Bass Pro projects it would create 369 permanent, full-time jobs in addition to 1,517 temporary construction jobs over five years, and the entire shopping plaza development is project to create 1,327 retail jobs.
But the fact is, says a report by the Public Accountability Initiative that examined such claims (Fishing for Taxpayer Cash), “Bass Pro often fails to deliver on its promises as an economic development anchor and major tourist destination – promises which were used to reel in government subsidies. Its stores successfully attract shoppers, but often do not produce sought-after economic benefits associated with major tourist destinations,” and taxpayers in places like Cincinnati, Harrisburg PA, and Bakersfield, CA “ have been left with high levels of debt and fiscal stress as a result of Bass Pro Projects.”
“Retail is not economic development. People don’t suddenly have more money to spend on hip waders because a new Bass Pro or Cabela’s comes to town,” Greg Leroy, executive director of Good Jobs First, a non-partisan economic development watchdog group based in Washington, D.C., told The Atlantic Cities in an article last summer . ”All that happens is that money spent at local mom and pop retailers shifts to these big box retailers. When government gives these big box stores tax dollars, they are effectively picking who the winners and losers are going to be.”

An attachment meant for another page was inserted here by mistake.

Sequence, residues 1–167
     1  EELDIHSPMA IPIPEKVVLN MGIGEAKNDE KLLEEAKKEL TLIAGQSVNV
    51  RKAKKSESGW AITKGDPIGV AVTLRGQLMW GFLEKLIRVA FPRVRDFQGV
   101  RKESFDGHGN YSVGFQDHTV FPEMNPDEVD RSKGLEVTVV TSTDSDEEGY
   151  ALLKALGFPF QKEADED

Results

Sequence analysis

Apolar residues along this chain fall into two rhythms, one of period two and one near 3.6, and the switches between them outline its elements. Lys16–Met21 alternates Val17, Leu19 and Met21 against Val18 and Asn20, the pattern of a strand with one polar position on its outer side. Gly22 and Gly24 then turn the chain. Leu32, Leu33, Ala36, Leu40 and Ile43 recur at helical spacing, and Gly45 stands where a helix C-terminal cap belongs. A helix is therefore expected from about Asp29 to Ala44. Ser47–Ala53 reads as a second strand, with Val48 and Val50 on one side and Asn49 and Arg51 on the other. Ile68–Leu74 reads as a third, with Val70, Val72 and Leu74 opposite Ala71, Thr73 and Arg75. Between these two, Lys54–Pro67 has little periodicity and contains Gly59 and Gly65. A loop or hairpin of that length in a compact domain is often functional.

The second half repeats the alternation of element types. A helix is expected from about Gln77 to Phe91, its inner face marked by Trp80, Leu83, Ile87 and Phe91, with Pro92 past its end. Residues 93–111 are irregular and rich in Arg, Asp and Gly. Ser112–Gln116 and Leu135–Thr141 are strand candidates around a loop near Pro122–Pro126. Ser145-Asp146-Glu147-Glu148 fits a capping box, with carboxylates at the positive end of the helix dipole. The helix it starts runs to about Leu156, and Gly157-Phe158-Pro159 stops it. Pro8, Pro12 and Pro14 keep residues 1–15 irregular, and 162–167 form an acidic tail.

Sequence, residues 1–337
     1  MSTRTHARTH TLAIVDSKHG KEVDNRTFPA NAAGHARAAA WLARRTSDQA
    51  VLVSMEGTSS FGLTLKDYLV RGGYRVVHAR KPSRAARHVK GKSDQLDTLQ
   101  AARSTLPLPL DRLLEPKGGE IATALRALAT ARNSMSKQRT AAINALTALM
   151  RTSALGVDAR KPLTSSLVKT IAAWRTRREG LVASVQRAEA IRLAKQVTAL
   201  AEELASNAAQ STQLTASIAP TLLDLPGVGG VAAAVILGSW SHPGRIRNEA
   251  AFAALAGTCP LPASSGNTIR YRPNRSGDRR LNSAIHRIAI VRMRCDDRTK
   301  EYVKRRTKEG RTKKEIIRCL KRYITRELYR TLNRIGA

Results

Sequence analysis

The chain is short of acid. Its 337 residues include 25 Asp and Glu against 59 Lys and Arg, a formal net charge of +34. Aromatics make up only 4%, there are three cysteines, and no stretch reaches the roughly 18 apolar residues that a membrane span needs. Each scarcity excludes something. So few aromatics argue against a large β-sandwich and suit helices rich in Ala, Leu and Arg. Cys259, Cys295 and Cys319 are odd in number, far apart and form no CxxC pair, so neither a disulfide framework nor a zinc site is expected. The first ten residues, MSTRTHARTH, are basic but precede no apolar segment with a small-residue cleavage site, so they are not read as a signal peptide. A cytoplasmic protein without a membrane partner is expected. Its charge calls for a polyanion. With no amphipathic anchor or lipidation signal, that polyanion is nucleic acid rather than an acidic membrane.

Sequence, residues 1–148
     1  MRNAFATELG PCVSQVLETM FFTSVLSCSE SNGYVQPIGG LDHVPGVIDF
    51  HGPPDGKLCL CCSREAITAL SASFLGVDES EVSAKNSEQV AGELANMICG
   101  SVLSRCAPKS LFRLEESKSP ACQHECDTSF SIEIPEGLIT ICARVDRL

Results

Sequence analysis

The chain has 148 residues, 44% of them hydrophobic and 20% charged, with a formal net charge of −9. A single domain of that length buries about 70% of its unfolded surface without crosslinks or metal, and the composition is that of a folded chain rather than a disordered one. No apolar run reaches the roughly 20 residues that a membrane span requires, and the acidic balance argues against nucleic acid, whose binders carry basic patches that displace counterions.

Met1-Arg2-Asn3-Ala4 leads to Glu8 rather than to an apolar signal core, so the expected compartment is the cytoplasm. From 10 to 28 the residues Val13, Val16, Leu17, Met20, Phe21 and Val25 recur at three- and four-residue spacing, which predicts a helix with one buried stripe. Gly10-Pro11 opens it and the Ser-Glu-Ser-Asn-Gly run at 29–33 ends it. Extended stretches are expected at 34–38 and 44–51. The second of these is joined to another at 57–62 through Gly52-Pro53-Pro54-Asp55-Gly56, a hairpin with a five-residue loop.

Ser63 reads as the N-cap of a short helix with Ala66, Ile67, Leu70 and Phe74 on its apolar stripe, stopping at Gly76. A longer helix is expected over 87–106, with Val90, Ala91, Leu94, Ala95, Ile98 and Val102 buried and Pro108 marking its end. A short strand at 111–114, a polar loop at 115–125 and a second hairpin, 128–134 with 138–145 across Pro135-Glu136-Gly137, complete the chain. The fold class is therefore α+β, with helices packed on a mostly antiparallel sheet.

Larry Whitely, a spokesman for Bass Pro Shops, argued in the article that their stores “should be viewed as an amenity being added to a community — much like one might view a park or a library. …”These aren’t just stores – they are natural history museums. Every store is designed to reflect the unique natural environment of the area in which it is located.” “
Aside, again, from the basic fact that the store, by virtue of its construction, would be destroying a unique natural environment in the area in which it is to be located, $6.5 million would buy a lovely real natural history museum , park or library with a far greater return on the investment, socially, aesthetically, academically, environmentally and economically. $6.5 million dollars could also address food insecurity, make a serious impact on homelessness, pay for new teachers, finance school improvements, or make a nice deposit on a light rail system.
From a purely personal perspective, $6.5 million could fund a couple or three FIRST robotics STEM education robotics teams in every one of Hillsborough County’s nearly 160 K-12 schools for years, helping create the type of scientifically literate people Florida needs for a truly economically successful future. Because the real path to future prosperity in Florida and nationally, economic development experts are saying, is growing a knowledge based economy,not a consumer based one.
A knowledge based economy is one that is “driven by research, ideas, innovations, and technical skills to generate high-impact economic benefits and high-wage jobs. Strong sustainable knowledge economies
- Are able to sell goods and services at a higher profit margin than others;